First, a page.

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History results abysmal on National Assoc. of Educ. Progress Assessment

June 17, 2011

The New York Times has a blog written about the subject in which students performed the lowest on this year’s NAEP test.  Here is an excerpt from the piece:

History advocates contend that students’ poor showing on the tests underlines neglect shown the subject by federal and state policy makers, especially since the 2002 No Child Left Behind Act began requiring schools to raise scores in math and reading but in no other subject. The federal accountability law, the advocates say, has given schools and teachers an incentive to spend less time on history and other subjects.

“History is very much being shortchanged,” said Linda K. Salvucci, a history professor in San Antonio who is chairwoman-elect of the National Council for History Education. Many teacher-education programs, she said, also contribute to the problem by encouraging aspiring teachers to seek certification in social studies, rather than in history. “They think they’ll be more versatile, that they can teach civics, government, whatever,” she said. “But they’re not prepared to teach history.”

Another casualty of NCLB?  I think so.  In elementary school we have Social Studies, which includes all the basic history of California.  I don’t get to devote as much time to this subject as I would like to, and I think that is a shame as it is a very interesting topic.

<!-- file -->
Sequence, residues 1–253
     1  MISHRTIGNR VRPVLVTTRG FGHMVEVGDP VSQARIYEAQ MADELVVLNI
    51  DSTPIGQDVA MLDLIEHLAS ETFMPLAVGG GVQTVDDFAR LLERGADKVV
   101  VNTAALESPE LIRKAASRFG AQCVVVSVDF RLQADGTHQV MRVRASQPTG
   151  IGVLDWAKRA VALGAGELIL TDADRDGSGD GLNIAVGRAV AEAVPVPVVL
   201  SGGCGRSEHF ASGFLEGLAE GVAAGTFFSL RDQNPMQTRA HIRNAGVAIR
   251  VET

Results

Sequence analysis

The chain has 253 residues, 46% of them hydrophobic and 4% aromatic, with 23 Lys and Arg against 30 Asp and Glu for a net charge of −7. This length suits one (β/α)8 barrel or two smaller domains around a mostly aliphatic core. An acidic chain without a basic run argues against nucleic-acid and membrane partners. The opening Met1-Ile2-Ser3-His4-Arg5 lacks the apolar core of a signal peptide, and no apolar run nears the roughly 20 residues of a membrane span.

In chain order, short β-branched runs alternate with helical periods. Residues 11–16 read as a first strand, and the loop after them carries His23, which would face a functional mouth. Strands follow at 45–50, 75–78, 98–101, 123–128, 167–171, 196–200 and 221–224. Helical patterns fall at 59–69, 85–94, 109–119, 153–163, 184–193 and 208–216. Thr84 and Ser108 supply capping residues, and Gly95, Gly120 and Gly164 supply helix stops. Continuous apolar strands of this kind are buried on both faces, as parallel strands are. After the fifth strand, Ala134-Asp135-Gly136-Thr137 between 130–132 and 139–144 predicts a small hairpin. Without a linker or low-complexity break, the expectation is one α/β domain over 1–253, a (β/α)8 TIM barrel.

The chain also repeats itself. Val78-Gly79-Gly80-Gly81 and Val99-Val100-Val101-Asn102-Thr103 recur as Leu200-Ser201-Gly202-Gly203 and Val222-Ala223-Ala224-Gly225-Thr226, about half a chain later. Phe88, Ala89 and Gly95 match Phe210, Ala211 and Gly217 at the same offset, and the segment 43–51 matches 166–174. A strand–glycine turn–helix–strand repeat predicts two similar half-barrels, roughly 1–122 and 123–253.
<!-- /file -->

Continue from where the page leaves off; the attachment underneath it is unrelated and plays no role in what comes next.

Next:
The NAEP results make sense to me because History/Social Studies are not tested, thus they don’t receive the same level of importance as math and literacy.  This is a FACT in schools across this country.  I have read blogs about schools where the ONLY subjects teachers are allowed to teach are math and literacy.  This is a crying shame.  Gone is Art, Music, Wood-Shop, Metal-Shop, Power-Mechanics, Graphic-Arts, Photography – all the subjects that I used to have access to as a kid.  Subjects taught on part time are history/social studies/second languages.  I really hold the Obama administration and Arne Duncan as responsible for maintaining a horrible statute like NCLB.  There was and still is plenty of support to overhaul this legislation, but I sadly feel that this administration has too many wealthy friends in high places that like the law, so just like with the banks being bailed out on our dime, we suffer with this legislation.

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